Abstract

Cloud-affected radiances from geostationary satellite sensors provide the first area-wide observable signal of convection with high spatial resolution in the range of kilometers and high temporal resolution in the range of minutes. However, these observations are not yet assimilated in operational convection-resolving weather prediction models as the rapid, non-linear evolution of clouds makes the assimilation of related observations very challenging.

To address these challenges, we investigate the assimilation of satellite radiances from visible and infrared channels in idealized observing system simulation experiments (OSSEs) for a day with summer-time deep convection in central Europe. This constitutes the first study assimilating a combination of all-sky observations from infrared and visible satellite channels and the experiments provide the opportunity to test various assimilation settings in an environment, where the observation forward operator and the numerical model exhibit no systematic errors.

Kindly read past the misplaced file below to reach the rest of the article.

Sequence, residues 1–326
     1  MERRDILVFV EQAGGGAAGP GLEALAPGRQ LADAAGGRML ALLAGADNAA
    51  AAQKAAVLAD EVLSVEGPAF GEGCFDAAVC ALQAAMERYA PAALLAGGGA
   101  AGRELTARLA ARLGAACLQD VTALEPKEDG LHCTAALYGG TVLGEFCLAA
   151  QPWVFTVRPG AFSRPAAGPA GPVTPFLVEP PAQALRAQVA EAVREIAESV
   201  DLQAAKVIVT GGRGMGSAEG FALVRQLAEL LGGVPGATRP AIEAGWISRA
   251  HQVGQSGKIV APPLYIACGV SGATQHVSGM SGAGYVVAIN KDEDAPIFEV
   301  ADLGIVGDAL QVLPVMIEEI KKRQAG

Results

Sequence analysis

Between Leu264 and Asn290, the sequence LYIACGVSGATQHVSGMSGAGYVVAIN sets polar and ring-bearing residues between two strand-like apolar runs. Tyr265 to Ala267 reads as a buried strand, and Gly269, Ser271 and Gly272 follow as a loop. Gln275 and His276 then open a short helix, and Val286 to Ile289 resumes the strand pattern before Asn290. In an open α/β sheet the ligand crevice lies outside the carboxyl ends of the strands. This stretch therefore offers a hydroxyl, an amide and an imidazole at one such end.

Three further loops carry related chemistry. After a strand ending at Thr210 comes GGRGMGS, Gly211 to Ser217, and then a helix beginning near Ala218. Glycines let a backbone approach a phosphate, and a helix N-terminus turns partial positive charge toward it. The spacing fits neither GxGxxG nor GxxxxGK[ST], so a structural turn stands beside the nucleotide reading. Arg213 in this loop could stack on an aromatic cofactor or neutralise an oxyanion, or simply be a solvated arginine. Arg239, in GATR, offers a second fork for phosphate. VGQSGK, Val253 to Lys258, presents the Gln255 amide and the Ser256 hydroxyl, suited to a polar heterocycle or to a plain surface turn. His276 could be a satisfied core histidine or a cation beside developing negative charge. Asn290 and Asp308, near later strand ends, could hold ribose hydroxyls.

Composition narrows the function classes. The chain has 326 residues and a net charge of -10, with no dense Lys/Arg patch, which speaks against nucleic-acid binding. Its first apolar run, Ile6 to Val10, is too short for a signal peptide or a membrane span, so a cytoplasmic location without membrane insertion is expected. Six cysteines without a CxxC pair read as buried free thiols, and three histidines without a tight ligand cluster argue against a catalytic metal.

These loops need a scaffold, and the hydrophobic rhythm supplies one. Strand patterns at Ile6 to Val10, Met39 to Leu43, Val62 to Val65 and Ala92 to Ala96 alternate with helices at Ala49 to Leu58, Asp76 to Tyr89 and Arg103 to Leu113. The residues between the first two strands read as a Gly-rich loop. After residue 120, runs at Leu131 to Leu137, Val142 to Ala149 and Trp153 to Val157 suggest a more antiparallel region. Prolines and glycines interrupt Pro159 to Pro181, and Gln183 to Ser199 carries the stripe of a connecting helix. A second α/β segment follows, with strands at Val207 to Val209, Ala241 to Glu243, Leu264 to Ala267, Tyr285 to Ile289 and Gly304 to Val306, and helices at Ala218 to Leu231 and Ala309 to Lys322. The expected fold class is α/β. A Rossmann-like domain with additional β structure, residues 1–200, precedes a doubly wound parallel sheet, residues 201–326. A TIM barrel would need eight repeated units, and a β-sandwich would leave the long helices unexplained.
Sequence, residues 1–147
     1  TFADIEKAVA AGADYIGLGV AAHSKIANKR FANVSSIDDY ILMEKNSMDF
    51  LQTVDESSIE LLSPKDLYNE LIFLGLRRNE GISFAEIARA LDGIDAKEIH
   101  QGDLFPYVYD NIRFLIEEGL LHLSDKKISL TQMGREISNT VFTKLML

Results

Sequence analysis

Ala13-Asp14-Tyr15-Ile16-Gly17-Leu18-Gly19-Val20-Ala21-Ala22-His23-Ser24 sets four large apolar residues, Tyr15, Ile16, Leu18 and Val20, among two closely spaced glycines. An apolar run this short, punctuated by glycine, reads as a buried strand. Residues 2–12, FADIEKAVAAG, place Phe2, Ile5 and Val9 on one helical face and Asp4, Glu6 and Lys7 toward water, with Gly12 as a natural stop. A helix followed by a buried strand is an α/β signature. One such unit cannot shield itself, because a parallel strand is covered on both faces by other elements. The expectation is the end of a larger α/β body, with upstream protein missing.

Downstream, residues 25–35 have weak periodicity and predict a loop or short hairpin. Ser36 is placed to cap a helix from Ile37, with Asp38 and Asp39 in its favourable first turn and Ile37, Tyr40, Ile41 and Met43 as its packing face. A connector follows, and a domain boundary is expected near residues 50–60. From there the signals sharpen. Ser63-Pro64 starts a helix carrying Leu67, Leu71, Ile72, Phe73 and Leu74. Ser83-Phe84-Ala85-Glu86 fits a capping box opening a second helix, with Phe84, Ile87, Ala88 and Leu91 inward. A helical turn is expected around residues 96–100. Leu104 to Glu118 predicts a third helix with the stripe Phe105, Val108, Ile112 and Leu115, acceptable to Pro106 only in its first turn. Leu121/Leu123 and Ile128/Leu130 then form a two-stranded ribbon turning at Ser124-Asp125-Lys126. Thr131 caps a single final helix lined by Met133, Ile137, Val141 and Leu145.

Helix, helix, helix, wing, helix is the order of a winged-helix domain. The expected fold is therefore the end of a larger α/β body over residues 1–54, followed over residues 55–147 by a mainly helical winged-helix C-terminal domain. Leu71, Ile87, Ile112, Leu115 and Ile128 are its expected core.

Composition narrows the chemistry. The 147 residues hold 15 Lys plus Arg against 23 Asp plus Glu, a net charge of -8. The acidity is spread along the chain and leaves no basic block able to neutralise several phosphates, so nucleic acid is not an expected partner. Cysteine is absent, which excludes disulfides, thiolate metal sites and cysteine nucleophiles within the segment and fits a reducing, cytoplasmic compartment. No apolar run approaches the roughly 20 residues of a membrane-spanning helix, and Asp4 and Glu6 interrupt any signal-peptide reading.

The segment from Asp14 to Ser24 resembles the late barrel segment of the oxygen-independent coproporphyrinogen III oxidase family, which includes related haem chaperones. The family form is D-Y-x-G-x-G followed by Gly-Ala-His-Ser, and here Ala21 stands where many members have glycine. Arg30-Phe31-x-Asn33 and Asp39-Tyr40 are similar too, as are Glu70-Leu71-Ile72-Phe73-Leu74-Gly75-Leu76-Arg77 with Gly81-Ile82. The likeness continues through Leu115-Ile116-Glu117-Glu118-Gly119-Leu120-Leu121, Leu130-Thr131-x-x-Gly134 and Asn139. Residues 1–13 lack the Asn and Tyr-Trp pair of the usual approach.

The experiments provide insights into appropriate settings for the assimilation of cloud-affected satellite radiances in an ensemble data assimilation system and demonstrate the potential of these observations for convective-scale weather prediction. Both infrared and visible radiances individually lead to an overall forecast improvement, but best results are achieved with a combination of both observation types that provide complementary information on atmospheric clouds. This combination strongly improves the forecast of precipitation and other quantities throughout the whole range of 8 h lead time.

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